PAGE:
request-response communications environment, exploitation could be request-response communications environment, exploitation could be
more feasible. However, Secure Sockets Layer (SSL) [SSL] and more feasible. However, Secure Sockets Layer (SSL) [SSL] and
Transport Layer Security (TLS) [TLS] protocol implementations could Transport Layer Security (TLS) [TLS] protocol implementations could
include countermeasures that detect and prevent Bleichenbacher's and include countermeasures that detect and prevent Bleichenbacher's and
other chosen-ciphertext attacks, without changing the way the RSA key other chosen-ciphertext attacks, without changing the way the RSA key
transport algorithm is used. These countermeasures are performed transport algorithm is used. These countermeasures are performed
within the protocol level. In the interest of long-term security within the protocol level. In the interest of long-term security
assurance, it is prudent to adopt an improved cryptographic technique assurance, it is prudent to adopt an improved cryptographic technique
rather than embedding countermeasures within protocols. rather than embedding countermeasures within protocols.
An updated version of PKCS #1 has been published, PKCS #1 Version 2.0 An updated version of PKCS #1 has been published, PKCS #1 Version 2.0
[PKCS#1v2.0]. This new document supersedes RFC 2313 [PKCS#1v1.5]. [PKCS#1v2.0]. This new document supersedes RFC 2313 [PKCS#1v1.5].
PKCS #1 Version 2.0 preserves support for the encryption padding PKCS #1 Version 2.0 preserves support for the encryption padding
format defined in PKCS #1 Version 1.5 [PKCS#1v1.5], and it also format defined in PKCS #1 Version 1.5 [PKCS#1v1.5], and it also
defines a new alternative. To resolve the adaptive chosen ciphertext defines a new alternative. To resolve the adaptive chosen ciphertext
vulnerability, the PKCS #1 Version 2.0 specifies and recommends use vulnerability, the PKCS #1 Version 2.0 specifies and recommends use
of Optimal Asymmetric Encryption Padding (OAEP) when RSA encryption of Optimal Asymmetric Encryption Padding (OAEP) when RSA encryption
is used to provide confidentiality, such as key transport. is used to provide confidentiality, such as key transport.
This document specifies the use of RSAES-OAEP key transport algorithm This document specifies the use of RSAES-OAEP key transport algorithm
in the Cryptographic Message Syntax (CMS) [CMS]. CMS can be used in in the Cryptographic Message Syntax (CMS) [CMS]. CMS can be used in
either a store-and-forward or an interactive request-response either a store-and-forward or an interactive request-response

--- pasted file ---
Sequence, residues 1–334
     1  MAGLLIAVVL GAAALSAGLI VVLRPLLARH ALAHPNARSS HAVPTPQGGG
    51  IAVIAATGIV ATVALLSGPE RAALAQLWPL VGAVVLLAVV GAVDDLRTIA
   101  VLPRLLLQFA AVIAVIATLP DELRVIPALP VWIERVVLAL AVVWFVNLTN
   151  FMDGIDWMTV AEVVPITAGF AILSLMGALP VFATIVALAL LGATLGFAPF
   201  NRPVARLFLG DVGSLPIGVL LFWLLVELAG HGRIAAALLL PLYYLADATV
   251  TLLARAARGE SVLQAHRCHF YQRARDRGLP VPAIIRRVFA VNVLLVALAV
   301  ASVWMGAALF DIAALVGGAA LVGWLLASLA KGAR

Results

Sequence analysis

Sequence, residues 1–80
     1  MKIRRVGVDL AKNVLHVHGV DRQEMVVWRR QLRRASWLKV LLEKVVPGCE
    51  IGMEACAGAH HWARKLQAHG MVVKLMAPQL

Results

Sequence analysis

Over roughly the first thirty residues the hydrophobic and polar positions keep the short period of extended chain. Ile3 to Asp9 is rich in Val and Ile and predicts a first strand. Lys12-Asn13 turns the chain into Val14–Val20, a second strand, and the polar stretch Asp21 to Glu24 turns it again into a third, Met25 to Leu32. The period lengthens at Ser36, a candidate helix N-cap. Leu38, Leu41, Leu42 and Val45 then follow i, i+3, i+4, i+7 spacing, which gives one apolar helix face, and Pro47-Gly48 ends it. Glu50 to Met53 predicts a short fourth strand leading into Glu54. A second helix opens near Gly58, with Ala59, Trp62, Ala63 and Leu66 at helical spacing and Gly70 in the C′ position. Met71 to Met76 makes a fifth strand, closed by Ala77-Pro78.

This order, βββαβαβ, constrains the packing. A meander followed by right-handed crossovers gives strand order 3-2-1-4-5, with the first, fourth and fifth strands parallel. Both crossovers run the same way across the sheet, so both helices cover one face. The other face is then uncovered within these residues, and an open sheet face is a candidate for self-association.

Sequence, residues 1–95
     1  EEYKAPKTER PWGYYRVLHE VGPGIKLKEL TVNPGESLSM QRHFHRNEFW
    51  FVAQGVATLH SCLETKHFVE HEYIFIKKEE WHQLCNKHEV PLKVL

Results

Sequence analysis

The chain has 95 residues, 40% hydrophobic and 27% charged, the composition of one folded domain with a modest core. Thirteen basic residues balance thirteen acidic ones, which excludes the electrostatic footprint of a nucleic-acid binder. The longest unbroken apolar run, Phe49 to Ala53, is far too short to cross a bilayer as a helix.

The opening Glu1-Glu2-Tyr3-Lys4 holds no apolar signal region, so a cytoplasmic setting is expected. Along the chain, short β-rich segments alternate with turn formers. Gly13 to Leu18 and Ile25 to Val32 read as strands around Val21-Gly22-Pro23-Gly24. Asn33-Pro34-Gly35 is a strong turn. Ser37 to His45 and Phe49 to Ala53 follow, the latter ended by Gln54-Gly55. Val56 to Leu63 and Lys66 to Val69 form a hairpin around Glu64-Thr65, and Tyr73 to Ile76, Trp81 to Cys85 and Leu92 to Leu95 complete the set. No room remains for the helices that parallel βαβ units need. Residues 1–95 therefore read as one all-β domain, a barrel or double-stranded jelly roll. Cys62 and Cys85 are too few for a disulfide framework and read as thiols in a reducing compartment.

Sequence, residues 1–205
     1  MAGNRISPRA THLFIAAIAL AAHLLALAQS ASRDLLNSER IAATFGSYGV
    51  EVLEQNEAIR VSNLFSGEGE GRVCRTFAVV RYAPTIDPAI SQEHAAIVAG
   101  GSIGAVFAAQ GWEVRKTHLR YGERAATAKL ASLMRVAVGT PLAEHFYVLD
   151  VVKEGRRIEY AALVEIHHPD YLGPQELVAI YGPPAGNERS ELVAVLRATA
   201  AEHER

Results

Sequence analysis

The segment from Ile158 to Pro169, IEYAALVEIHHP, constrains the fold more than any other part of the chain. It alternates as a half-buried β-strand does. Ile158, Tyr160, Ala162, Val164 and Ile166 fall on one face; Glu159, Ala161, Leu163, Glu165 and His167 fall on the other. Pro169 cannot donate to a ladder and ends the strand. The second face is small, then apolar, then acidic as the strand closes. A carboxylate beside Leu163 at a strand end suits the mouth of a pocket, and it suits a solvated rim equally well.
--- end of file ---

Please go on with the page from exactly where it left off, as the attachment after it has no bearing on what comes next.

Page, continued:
environment. environment.
CMS supports variety of architectures for certificate-based key CMS supports variety of architectures for certificate-based key
management, particularly the one defined by the PKIX working group management, particularly the one defined by the PKIX working group
[PROFILE]. PKCS #1 Version 1.5 and PKCS #1 Version 2.0 require the [PROFILE]. PKCS #1 Version 1.5 and PKCS #1 Version 2.0 require the
same RSA public key information. Thus, a certified RSA public key same RSA public key information. Thus, a certified RSA public key
may be used with either RSA key transport technique. may be used with either RSA key transport technique.
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encrypt the content. encrypt the content.
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Compliant software MUST meet the requirements for constructing an Compliant software MUST meet the requirements for constructing an
enveloped-data content type stated in [CMS] Section 6, "Enveloped- enveloped-data content type stated in [CMS] Section 6, "Enveloped-
data Content Type". data Content Type".
A content-encryption key MUST be randomly generated for each instance A content-encryption key MUST be randomly generated for each instance
of an enveloped-data content type. The content-encryption key is of an enveloped-data content type. The content-encryption key is
used to encipher the content. used to encrypt the content.
AES can be used with the enveloped-data content type using any of the AES can be used with the enveloped-data content type using any of the
following key management techniques defined in [CMS] Section 6. following key management techniques defined in [CMS] Section 6.
1) Key Transport: The AES CEK is uniquely wrapped for each recipient 1) Key Transport: The AES CEK is uniquely wrapped for each recipient
using the recipient's public RSA key and other values. Section 2.2 using the recipient's public RSA key and other values. Section 2.2
provides additional details. provides additional details.
2) Key Agreement: The AES CEK is uniquely wrapped for each recipient 2) Key Agreement: The AES CEK is uniquely wrapped for each recipient
using a pairwise symmetric key-encryption key (KEK) generated using using a pairwise symmetric key-encryption key (KEK) generated using
DH-ES using the a randomly generated private key value for the DH-ES using the a randomly generated private key value for the
originator, the recipient's public DH key and other values. Section originator, the recipient's public DH key and other values. Section
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distributed are beyond the scope of this document. Section 2.4 distributed are beyond the scope of this document. Section 2.4
provides additional details. provides additional details.
4) Password Encryption: The AES CEK is wrapped using a KEK derived 4) Password Encryption: The AES CEK is wrapped using a KEK derived
from a password or other shared-secret value. Section 2.5 provides from a password or other shared-secret value. Section 2.5 provides
additional details. additional details.
2.1 EnvelopedData Fields 2.1 EnvelopedData Fields